These shields allow us a space to explore our neurodivergent embodiment. The way we think, talk and fit into a world which is not set up to support or validate us. Shields are used in community building, they are safe places where we can come together, create and recreate ourselves, look after each other and challenge ideas of neuro-normativity.
Community and individual shields are cyclical, we need them to feel safe and joyful but the more we need and seek these, the more we need the shields. Shields aren’t always easy to create or maintain and they can become faulty during times of intense stress or burnout. They are a useful tool, but they can be exhausting to maintain. Creating shields with other Autistic people means we can share the load, allowing us to look after our mental health and stamina.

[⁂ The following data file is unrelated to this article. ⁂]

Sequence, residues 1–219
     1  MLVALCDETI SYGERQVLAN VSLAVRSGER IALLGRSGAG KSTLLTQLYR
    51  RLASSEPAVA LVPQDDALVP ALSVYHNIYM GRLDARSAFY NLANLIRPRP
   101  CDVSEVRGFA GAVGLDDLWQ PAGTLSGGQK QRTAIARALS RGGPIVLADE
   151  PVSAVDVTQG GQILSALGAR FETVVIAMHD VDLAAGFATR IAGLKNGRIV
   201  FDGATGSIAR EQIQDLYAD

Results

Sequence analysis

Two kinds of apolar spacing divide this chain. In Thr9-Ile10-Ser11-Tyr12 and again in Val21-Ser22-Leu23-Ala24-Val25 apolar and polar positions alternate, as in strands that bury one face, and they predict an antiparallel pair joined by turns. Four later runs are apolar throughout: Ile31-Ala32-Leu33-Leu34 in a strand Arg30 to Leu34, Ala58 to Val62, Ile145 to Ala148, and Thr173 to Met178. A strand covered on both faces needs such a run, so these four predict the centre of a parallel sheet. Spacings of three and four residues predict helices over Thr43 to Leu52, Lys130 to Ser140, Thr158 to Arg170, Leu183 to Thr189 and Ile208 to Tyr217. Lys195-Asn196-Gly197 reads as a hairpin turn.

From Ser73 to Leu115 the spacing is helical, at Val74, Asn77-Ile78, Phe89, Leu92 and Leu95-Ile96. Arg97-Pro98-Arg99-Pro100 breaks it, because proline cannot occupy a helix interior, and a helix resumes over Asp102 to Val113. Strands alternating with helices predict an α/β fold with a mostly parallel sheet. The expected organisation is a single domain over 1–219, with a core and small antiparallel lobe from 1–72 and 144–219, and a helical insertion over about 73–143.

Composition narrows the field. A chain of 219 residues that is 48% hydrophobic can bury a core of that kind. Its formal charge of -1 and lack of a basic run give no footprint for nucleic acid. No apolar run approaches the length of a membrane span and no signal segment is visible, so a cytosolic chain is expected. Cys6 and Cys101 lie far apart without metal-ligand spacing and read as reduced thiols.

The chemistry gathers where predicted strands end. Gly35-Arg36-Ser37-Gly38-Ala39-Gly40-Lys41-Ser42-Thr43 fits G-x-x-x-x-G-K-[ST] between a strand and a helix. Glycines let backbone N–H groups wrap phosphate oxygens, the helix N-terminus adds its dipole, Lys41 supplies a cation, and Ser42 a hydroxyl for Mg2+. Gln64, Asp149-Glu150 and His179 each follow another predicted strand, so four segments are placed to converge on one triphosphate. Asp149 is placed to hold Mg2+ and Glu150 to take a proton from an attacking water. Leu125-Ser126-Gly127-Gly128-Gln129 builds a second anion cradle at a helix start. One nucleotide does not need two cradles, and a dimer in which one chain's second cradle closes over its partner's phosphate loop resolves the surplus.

This is particularly important during intense bouts of advocacy and activism – when one of us can no longer hold our part of the shield someone with more energy can take our place. We can replenish so that we can once more contribute through writing, speaking, protesting, sharing information and challenging policy makers. These shields are made up of all sorts of people with different experiences and skills, and we are all the better for it.
Find here explainer videos about the three Autistic-derived theories of Autistic experience: Monotropism theory (Dinah Murray), Double empathy problem (Damian Milton), and Autistic language hypothesis (Rachel Cullen):
Since my Autistic realisation, I have been able to make more sense of how I fit into the world. I can now make more sense of strange experiences and interactions in my childhood, teens and early twenties: what it seemed to others that I had done wrong, subtext I completely missed and things I was supposed to be interested in.
I spent 25 years not knowing what was going on, in a flux of confusion and high empathy but also low interest and nonchalance. I was alone but very rarely felt lonely, it was only when I mixed with others that I just didn’t get it. I wasn’t interested in others, I found their subtext frustrating, I just wanted them to be clear with me but when I was clear with others I was called arrogant, rude, blunt and harsh.